THE TALK SHOW
Host: Glenn Guzzo
Reminder: Send us your “Great Moments in Strat” – your playing experiences that you just have to share.
RELIEF USAGE MADE EASY
It’s more and more an integral part of the game with starters going less innings and teams matching up to nth degree, so here’s the rule we use in our league, which I daresay is near perfect. Basically, there’s symmetry to it:
1. A pitcher can go up to 3 IP if he pitches in 3 consecutive games, at which point he immediately becomes weak. Then he must sit out one game.
2. A pitcher can go up to 4 IP if he pitches in 2 consecutive games, at which point he immediately becomes weak. Then he must sit out TWO games.
3. A pitcher can go up to 5 IP if he pitches in 1 game, at which point he immediately becomes weak. Then he must sit out THREE games.
See how easy it is to remember: we sort of call it our "3/3, 4/2, 5/1" rule.
Clay Grant, Atlanta
One of the most important things a league must agree upon is the limit on player use. And the limit for relief pitchers may be the most important of all, because of how easy it is to abuse them otherwise. Leagues that don’t think this through are going to end up with unpleasant results and perhaps even some hard feelings. I’ve seen a lot of systems and some are too complex to be fun. Yours, Clay, is very similar to the rule I used most often – it has the virtue of being easy to remember and easy to apply. Thanks for sharing this.
A Gift That Will Keep on Giving
I have been playing SOM baseball off and on since 1984. I recently received as a gift the 2000 Hall of Fame game. I was wondering if I purchased the 1969 season and combined the two games would the charts be compatible for both games. I have an old 1968 and 1970 game that I combined and the fielding charts and player cards were the same. But I noticed in the 2000 Hall of Fame cards and charts the player card fielding rates were from 1 to 6. In the 1968 and 1970 games I have are 1 to 4. Are the cards and charts for the 1969 game 1 to 4 or 1 to 5.
Bill Howell, Michigan
Great gift! That’s the most beautiful card set Strat-O-Matic ever has created. And when I played the set for the first time, I had a tightly bunched eight-team pennant race. But I don’t know where you saw a fielder rated 6, Bill. Five is the limit – and it’s plenty bad enough! So the HOF and 1969 sets are compatible. It’s amazing how versatile Strat-O-Matic’s Hall of Fame sets are: They play very well as a self-contained set, or combined with the Baseball Heroes set and the Negro League Stars. I think you’ll enjoy mixing the HOF players with the 1969 set. I think we have Hal Richman’s idea to base the HOF players on the average of their seven best seasons for this versatility. If the all-time greats were based on their best season, those would be awesome cards to look at, but they would dominate in any mix of season sets. We can also thank SOM for the double layer of normalization so that these players can co-exist in any era. You’ll notice, for instance, that Dead Ball and Lively Ball-era error ratings are in line with much more recent eras. Now, with a season like 1969, when many players had career years, the Hall of Famers will fit much more comfortably.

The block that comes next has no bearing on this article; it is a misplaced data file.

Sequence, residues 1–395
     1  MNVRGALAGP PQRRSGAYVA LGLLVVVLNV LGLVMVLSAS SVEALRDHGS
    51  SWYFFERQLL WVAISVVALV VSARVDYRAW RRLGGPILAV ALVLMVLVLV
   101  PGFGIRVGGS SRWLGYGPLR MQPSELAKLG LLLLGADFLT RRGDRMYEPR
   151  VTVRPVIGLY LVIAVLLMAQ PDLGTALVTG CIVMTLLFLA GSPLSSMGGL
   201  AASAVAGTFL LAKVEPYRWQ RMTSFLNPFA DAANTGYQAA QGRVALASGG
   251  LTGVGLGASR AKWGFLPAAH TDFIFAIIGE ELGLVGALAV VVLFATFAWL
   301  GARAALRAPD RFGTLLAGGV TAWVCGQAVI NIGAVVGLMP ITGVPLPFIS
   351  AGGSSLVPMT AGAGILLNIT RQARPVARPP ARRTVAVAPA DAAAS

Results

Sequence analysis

Any word yet as to what “extras” will come out next year for baseball? e.g., new seasons; reformatted seasons; new heroes set?
I wish the Talk Show was monthly instead of bi-monthly; are you are getting enough “letters” from us? Keep up the good work.
Larry Kapit, Coral Springs, FL
No official word yet on classic seasons or specialty sets for release in early 2016, Larry. I think we can count on at least one set in addition to the 2015 season. Following the release of 1953 this year, there are few remaining post-World War II seasons not yet created (1946, 1947, 1949, 1952) and many more possibilities for updated seasons (from the 1960s, 1970s and 1980s). Since SOM often has alternated between decades and ’53 and 1969 were offered this year, it’s a good bet that next we’ll see a more recent season updated in Super-Advanced form.
I am using just about every item submitted for The Talk Show and for the Great Moments in Strat. Sometimes the supply is short; sometimes my deadline work on Strat-O-Matic baseball and football ratings takes priority.